It is well-known that French love matters make for a very complicated subject to understand, especially for a German and conservative aristocrat. Having this in mind , it was a hard task to watch in the Schloss theatre a film like "La Dame De Monsoreau", ( directed by Herr René Le Somptier, based in a novel by Herr Alexandre Dumas Sr.) which goes into specific details about French love affairs in the time of Henri III, a French king, natürlich!. The story concerns Dame Diane de Méridor who is kidnapped by the Count of Monsoreau who finally marries her ( A strange French marriage custom, this, very different from the usual Teutonic reasons for marriage, as the marriage of convenience or companionate marriage.. ). However, Dame Diane loves another count, the count of Bussy ( what's the point of this aristocratic loving reiteration? ), not to mention that the King himself and a Duke, d'Anjou , have different interests in Dame Diane and her circumstances.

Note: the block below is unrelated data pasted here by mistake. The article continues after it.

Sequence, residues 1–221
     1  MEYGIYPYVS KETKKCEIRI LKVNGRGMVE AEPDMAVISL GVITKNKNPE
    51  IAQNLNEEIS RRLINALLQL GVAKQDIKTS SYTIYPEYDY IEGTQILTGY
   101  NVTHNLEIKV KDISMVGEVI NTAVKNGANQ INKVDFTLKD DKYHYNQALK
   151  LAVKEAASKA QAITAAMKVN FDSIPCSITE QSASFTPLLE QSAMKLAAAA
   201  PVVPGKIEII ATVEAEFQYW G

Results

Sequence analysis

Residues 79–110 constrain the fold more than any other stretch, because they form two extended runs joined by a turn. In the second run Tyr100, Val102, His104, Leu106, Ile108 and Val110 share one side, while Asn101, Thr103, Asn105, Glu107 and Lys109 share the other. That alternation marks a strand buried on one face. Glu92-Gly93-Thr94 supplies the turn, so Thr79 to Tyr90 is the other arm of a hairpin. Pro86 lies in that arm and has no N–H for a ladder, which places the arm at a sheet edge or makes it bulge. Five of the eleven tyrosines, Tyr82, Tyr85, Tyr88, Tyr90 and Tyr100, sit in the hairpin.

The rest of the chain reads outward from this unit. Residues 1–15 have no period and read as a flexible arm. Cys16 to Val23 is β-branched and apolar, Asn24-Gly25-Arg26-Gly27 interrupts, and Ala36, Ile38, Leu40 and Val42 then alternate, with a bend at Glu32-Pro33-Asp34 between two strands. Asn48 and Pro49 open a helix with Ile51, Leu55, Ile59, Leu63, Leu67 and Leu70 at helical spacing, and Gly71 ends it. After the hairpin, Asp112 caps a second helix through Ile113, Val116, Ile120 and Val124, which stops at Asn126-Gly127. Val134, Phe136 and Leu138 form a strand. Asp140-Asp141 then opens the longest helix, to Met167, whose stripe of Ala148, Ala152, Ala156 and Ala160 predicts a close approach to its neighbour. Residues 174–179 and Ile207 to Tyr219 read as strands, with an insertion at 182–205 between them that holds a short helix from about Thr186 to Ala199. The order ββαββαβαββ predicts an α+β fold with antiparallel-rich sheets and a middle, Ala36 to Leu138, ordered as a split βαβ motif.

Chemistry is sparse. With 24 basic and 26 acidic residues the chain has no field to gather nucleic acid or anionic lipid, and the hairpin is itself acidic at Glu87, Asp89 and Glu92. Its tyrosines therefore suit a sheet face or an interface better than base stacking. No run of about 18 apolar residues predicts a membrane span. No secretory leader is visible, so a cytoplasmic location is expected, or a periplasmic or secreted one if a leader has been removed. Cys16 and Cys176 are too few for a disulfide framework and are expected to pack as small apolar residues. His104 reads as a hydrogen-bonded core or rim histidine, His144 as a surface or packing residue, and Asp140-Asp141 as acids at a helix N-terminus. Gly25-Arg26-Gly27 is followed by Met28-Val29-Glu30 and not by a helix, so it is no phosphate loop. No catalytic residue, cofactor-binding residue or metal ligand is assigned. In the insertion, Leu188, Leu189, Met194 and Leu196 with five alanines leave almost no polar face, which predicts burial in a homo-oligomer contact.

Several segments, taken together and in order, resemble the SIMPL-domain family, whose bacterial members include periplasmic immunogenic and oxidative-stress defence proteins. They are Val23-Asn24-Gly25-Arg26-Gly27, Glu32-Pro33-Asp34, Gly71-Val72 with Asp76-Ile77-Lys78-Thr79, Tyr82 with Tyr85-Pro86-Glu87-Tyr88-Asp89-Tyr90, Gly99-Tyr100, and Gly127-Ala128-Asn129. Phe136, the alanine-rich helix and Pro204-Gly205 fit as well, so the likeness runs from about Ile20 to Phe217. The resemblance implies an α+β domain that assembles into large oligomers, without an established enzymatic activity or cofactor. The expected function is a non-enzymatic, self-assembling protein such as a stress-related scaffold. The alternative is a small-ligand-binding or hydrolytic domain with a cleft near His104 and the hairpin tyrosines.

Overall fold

This French show of aristocratic love matters was directed by Herr René Le Somptier, Frenchman director with a special likeness for romanticism and aestheticism in his early work as exemplified by this beautiful film. This is an artistic production filmed in the surroundings of the château ( a strange and French name for a Schloss, certainly ) d'Urville-Nacqueville. The set design is superb and there are gorgeous costumes too, not to mention that this oeuvre was released in a hand tinted version, the one that survives till today, released two years after its black and white prémiere.
So in its global concept, "La Dame de Monsoreau" could be considered as a "film d'Art", a film with historical background and careful production. Alas, in this case it is thrilling to look at but static, like a series of illustrations. The actors don't help to raise the interest of the film thanks to their stilted performances including Dame Geneviève Félix as Diane de Méridor. The result is a polished but soulless French film.
And now, if you'll allow me, I must temporarily take my leave because this German Count must resume his conservative Teutonic love matters.
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